The Sportsmen

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In 1938, Bill Days and Max Smith left the Paul Taylor Choristers to form their own quartet. The joined up with Don Craig and Art McCullough as a group called the Metropolitans, which they later renamed the Sportsmen. Don Craig left the group shortly thereafter to join Fred Waring and Thurl took his place in the Sportsmen. When Art McCullough decided leave the quartet, John Rarig (the group's arranger) took over as the group's baritone.

The Sportsmen

The Sportsmen: Bill Days, Max Smith, John Rarig, and Thurl

The Sportsmen quickly became a popular group owing partly to their frequent appearance on The Jell-O Program starring Jack Benny. They also worked on The Sealtest Village Store with Rudy Vallee, The Ginny Simms Show, The Burns and Allen Show, and The Al Pearce Show (on which they were billed as The Merry Men). For more about the Sportsmen on Radio check out the Thurl's Career on Radio page.

They also appeared in the films Isle of Destiny (1940), Puddin' Head (1941), and Lost Canyon (1942). See Thurl in Film for additional details.

The Sportsmen even sang on cartoons for both Disney and Warner Brothers. They worked with Disney, most notably on the Mickey Mouse short The Nifty Nineties (1941). They sang in many Warner Brothers cartoons in the late 1930s and early 1940s  including: Porky's Duck Hunt (1937), A Sunbonnet Blue (1937), Love and Curses (1938), Snowman's Land (1939), Dangerous Dan McFoo (1939), Little Blabbermouse (1940), Confederate Honey (1940), The Fighting 69½th (1941), The Dover Boys (1942), and Conrad the Sailor (1942). 

When World War II broke out, Thurl, as the youngest and only unmarried member of the quartet decided to join the military. He had learned to fly as a hobby, but at 6'5" he knew he would be too tall to become a pilot so he learned how to navigate and enlisted in the Air Transport Command as part of the Army Air Corps in 1942. Gurney Bell replaced in the Sportsmen and about a year later John Rarig decided to concentrate on arranging and gave up his singing duties to Marty Sperzel.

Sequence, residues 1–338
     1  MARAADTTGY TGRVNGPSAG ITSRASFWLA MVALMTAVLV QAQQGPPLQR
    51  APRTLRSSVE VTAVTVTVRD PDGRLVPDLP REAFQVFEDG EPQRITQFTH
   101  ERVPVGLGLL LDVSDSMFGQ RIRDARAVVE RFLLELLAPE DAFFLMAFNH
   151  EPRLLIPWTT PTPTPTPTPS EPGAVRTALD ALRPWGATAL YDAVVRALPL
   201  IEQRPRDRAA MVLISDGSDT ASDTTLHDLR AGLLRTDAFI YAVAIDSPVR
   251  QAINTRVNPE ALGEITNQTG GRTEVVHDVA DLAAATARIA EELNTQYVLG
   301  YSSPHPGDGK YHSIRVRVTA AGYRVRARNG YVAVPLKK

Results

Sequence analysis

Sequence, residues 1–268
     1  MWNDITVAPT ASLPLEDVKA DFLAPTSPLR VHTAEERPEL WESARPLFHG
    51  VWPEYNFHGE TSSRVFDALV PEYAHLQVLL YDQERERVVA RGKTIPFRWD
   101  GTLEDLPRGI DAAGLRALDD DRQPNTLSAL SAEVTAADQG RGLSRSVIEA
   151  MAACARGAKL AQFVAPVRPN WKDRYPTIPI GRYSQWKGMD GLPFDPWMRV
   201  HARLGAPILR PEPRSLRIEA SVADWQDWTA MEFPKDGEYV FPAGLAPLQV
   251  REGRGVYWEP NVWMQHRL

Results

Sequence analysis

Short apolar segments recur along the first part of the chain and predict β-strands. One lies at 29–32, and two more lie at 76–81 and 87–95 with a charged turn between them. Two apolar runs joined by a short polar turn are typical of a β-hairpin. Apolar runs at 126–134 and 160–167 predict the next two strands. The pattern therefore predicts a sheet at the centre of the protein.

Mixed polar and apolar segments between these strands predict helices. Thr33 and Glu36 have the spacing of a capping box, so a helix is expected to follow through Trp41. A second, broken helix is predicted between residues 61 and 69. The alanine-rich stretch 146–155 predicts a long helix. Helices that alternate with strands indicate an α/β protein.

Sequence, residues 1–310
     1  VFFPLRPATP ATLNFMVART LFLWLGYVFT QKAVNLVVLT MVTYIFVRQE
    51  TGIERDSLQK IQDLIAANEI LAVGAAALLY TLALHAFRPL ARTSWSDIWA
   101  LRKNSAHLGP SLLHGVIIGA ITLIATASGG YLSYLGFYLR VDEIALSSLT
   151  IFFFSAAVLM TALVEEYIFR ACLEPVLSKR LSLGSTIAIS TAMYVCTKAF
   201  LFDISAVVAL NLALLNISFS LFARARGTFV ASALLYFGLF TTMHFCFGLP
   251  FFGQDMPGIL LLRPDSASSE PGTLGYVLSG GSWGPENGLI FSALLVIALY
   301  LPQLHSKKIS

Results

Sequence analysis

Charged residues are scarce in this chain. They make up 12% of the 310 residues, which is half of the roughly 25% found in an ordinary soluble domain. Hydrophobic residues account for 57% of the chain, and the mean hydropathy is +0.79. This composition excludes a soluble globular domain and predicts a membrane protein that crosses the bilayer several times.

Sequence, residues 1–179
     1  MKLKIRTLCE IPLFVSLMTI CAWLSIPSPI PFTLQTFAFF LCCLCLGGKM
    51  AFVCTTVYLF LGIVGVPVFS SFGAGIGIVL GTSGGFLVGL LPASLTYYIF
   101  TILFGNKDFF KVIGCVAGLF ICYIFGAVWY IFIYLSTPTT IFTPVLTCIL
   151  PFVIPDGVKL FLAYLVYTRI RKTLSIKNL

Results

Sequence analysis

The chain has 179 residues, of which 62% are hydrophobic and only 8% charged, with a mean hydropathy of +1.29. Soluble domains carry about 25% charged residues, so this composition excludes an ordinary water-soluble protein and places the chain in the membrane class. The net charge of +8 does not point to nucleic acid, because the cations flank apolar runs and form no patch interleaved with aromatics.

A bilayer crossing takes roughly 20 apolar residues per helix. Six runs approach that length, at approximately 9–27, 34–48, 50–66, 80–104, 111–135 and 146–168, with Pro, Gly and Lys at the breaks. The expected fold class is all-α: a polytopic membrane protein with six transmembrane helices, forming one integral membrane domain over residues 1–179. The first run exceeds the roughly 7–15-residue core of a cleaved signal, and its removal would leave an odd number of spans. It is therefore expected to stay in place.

When Thurl returned to Hollywood in 1947, he intended to rejoin the quartet, but Gurney Bell did not want to leave. By this time, they were regulars on Jack Benny's show. Gurney's wife threatened to sue Jack Benny if Gurney were fired, so Jack, not wanting to get involved with the personnel issues of the quartet, fired them all at the end of the season. His plan was to rehire them the following season, after they sorted out who would be in the group. Bill Days and Marty Sperzel wanted to keep Gurney. Max felt that Thurl had a guaranteed position, and although Thurl did make a few appearance with the quartet, he was basically told his services were no longer needed. Even though Jack Benny did not want to become involved he may have given tacit approval to Gurney because he was reluctant to make changes and preferred the way the group looked and sounded. Somehow, Bill Days, as the leader of the quartet got most of the blame for Thurl not returning to the group. The Sportsmen continued to work with Jack Benny throughout the rest of his radio career.

In the spring of 1947 and 1948  the Sportsmen were also doing a lot of live appearances with Jack Benny around the country. Max Smith "retired" from the Sportsmen in the spring of 1948, partly due to the group's treatment of Thurl and the heavy demands of traveling. Late in 1948 joined a group called The Talking People. Near the end of that year Thurl asked Max to join him in a new quartet, The Mellomen, teaming up with Bill Lee and Bob Hamlin. Visit The Mellomen page for lots more about them.

For years Thurl blamed Bill Days for preventing him from rejoining the Sportsmen, but in hindsight it may have been the best thing that happened for Thurl and Max as the Mellomen had much greater recording success than the Sportsmen did, though the Sportsmen continued to be the #1 radio quartet for many years.

For anyone interested, after Max left the Sportsmen, Bob Stevens (who later joined the Mellomen) took his place. When Bob left the Sportsmen in 1951 due to the demands of traveling, he was replaced by Jay Mayer. Jay only stayed with the quartet until 1954 and was replaced by Bob Garsen. In 1957, Marty Sperzel left the group after a confrontation with Bill Days over control of the quartet. His replacement was Jay Moffett. The Sportsmen continued to perform until 1971 when they disbanded.

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